• Winning is Everything = High risk for losing. Perceived loss of political contests can sometimes result in the emergence of a vulture like quality among those who may harbor dormant antipathy to your position. They may perceive an opportunity to pile on in ways to expand their influence into matters you typically deal with but in which they have little upside contribution. Meanwhile, others who supported your position or whose position you supported may become more distant and less supportive of your personality and operational approaches. You sense quiet disapproval and thus are challenged to imagine that you have a future in an environment in which you must always win and never falter.

You possibly view some of that as know the truth of a situation. You are hired to do certain things and often to do it a certain way. Sometimes however, you have to take what you are instructed to do but still follow the overall consensus of the organization. The organization may want you to go fast, but you are instructed to go slow, the organization may want you to go slow, but you are instructed to go fast. You can ignore the organization and follow direct instructions and still falter. That is a hard lesson to learn and I still don’t embrace all aspects of that truth. That can be easy to work through at times. It is when direct instructions and the organization oppose solid experience, knowledge, and practice is when the true dilemmas can emerge.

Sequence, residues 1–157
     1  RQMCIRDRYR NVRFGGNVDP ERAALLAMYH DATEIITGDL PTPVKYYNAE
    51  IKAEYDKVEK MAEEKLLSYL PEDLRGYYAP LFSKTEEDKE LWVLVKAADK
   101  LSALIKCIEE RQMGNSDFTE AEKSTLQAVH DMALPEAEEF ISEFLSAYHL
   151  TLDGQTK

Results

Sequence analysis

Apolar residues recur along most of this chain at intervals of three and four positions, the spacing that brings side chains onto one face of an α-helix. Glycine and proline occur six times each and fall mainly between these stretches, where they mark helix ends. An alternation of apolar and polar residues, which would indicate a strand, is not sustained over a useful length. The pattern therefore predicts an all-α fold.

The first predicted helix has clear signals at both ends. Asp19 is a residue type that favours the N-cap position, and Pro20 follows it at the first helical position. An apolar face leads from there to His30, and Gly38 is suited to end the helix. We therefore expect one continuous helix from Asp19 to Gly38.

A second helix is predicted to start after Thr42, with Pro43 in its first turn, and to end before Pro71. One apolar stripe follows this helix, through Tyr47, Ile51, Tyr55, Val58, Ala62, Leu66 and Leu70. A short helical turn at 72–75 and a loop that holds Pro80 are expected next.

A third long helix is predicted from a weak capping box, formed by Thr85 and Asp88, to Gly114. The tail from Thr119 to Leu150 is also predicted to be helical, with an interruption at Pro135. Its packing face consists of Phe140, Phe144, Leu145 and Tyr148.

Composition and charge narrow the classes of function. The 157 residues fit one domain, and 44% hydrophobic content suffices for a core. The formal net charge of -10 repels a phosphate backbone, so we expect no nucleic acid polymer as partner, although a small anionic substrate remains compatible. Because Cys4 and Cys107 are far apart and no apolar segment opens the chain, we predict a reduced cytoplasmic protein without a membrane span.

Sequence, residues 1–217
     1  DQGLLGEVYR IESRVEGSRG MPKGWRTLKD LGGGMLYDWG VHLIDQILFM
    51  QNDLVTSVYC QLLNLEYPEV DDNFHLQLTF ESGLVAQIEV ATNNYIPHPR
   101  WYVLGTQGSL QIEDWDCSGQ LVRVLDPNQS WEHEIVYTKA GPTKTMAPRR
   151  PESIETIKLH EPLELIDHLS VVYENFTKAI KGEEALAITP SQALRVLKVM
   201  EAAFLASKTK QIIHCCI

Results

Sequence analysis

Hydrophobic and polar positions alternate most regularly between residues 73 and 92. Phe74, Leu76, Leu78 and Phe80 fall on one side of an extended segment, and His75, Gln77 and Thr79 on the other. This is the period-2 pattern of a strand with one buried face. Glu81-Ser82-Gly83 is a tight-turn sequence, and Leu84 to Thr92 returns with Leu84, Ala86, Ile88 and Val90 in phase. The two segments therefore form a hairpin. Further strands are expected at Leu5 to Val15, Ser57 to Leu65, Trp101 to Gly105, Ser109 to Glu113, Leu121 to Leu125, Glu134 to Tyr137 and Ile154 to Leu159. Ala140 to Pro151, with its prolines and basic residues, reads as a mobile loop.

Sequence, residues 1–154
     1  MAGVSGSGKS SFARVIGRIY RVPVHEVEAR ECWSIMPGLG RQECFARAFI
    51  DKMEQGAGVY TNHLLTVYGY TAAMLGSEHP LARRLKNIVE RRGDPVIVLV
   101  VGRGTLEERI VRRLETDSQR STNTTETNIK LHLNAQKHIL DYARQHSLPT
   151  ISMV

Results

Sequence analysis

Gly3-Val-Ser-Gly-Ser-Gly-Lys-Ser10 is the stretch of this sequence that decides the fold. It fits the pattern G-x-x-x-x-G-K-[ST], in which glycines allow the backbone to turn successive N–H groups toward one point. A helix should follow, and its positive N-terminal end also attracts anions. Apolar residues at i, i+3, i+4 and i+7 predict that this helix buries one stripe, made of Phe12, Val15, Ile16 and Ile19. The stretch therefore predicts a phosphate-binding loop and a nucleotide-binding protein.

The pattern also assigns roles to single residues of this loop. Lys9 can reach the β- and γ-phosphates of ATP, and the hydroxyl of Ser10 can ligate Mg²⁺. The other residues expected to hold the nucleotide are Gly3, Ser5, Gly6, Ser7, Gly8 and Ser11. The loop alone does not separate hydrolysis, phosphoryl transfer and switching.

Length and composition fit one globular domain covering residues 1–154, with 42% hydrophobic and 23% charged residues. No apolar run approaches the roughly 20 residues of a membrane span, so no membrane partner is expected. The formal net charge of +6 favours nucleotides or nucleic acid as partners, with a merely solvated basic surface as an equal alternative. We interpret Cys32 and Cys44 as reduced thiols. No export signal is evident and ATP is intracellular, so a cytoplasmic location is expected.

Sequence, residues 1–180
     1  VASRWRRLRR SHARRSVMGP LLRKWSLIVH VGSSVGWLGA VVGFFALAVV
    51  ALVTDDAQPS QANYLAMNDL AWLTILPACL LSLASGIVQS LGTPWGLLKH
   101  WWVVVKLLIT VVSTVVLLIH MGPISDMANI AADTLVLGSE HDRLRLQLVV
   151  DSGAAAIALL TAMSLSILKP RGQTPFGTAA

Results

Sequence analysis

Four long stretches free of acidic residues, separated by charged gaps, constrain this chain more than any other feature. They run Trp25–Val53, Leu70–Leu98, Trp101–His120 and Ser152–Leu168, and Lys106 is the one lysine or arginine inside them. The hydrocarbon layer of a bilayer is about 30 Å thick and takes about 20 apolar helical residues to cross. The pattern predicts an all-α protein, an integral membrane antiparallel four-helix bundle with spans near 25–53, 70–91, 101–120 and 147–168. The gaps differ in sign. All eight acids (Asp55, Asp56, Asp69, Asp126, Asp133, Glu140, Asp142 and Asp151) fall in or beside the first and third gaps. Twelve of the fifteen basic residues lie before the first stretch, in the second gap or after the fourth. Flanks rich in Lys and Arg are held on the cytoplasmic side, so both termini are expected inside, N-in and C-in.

Take all that in and yes, there are times in which you must think to yourself, there is a moment for a reset. Sometimes opportunities to contribute start out good but they decay. This can be natural. Some people go through that cycle over many years or decades and others go through that cycle over many months before each has reached the end of productive contribution or acceptance of their participation in an overall enterprise. I can speak from experience that life does provide a chance to step away and discover again simpler modes of operation, perception, and experience that are fulfilling. Each person can lock themselves into a mental prison and the real spirit of what Suzy is talking about thriving as an individual who is healthy of mind, body, and spirit but you have to make the choice when it is the right choice.